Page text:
The dashed lines show long-term linear trend lines for the two series of dates, but instead of least squares regression I've used quantile regression, with each trend line showing the best estimate of how the median has changed over time.  The reason to go with quantile regression is to avoid an undue influence from outliers, which seem likely to be a problem here, especially for the snowpack onset dates.

It's interesting to see that the regression estimates indicate that snowpack onset has become earlier by nearly a week, and meltout has become slightly (about 3 days) later, over the 88 years.  But it's important to note the degree of uncertainty: the 90% confidence interval includes a zero trend for both series, so neither trend is statistically significant; we can't confidently rule out the possibility that the trends are just a reflection of random chance.

One thing we can say with confidence, however, is that snowpack meltout has not become significantly earlier over time, and this is intriguing.  We know that April - when most of the melting occurs - has become significantly warmer, so how is the snow not disappearing more quickly?  There might be a variety of explanations involving changes to sunshine or precipitation during melt season, but the simplest explanation may be the best: it seems there is just more snow on the ground these days.  The chart below shows the snow depth in Fairbanks on April 1st each year, and there's an upward trend that is significant at p~0.05.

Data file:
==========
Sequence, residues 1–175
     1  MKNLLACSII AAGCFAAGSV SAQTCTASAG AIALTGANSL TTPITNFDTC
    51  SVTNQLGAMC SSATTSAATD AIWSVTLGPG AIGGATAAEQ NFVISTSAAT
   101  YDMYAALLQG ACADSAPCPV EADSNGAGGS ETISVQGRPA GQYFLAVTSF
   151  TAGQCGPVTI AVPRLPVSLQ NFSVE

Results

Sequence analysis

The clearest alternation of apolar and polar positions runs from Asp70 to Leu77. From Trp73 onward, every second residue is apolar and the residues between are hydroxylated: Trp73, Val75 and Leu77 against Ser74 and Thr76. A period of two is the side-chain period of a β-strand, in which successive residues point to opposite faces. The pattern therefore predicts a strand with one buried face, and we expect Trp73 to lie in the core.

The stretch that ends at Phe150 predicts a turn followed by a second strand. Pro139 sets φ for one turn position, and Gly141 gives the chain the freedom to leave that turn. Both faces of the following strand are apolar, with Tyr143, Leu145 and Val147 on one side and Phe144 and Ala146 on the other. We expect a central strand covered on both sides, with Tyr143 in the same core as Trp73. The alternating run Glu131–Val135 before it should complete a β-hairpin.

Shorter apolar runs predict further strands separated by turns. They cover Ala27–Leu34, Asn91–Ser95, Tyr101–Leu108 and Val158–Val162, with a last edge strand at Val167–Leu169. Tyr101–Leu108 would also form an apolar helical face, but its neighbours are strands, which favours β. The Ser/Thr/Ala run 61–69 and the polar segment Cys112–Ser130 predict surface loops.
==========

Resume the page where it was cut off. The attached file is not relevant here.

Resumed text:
More investigation will be required to determine whether and how this trend is related to precipitation changes during winter; my impression from previous work is that Fairbanks winter precipitation has NOT increased over the long haul, so it seems this is a rather interesting question.

Thursday, May 3, 2018

Nenana Breakup

Tuesday was the big day for tripod watchers in Nenana, as the ice moved enough to stop the Ice Classic clock early in the afternoon.  May 1st is just about normal compared to recent decades, but it's interesting to note that the ice went out very "easily" when we consider how little warmth was available for thawing.  The normal (1981-present) accumulation of thawing degree days (excess of mean daily temperatures above freezing) by May 1 is about 170°F, but this year the total was barely half of that (88°F through May 1).

Here's an update of the figure I produced last week, with the observed (green) line extended to the right to show the forecast verification.  The last week or so before breakup turned out to be cooler than the previous week's forecast indicated for Fairbanks, and indeed the second half of April was significantly colder than normal in Fairbanks, but that didn't keep the ice in place for long.

The chart above shows that breakup occurred this year with cumulative TDDs not even reaching the 5th percentile of the historical range, and the scatter plot below confirms this point: only a small handful of other years since 1930 had so little thawing by the time breakup arrived.

As an aside, the relationship of TDDs and breakup date also reveals an interesting tendency for the latest breakups to occur after a relatively small quantity of thawing; in other words, the later the ice holds on, the less cumulative warmth is needed to produce breakup.  This undoubtedly reflects the increasing influence of solar insolation as the calendar advances; by mid-May, the strong direct influence of the sun on the ice accelerates breakup compared to when it would be expected from temperatures alone.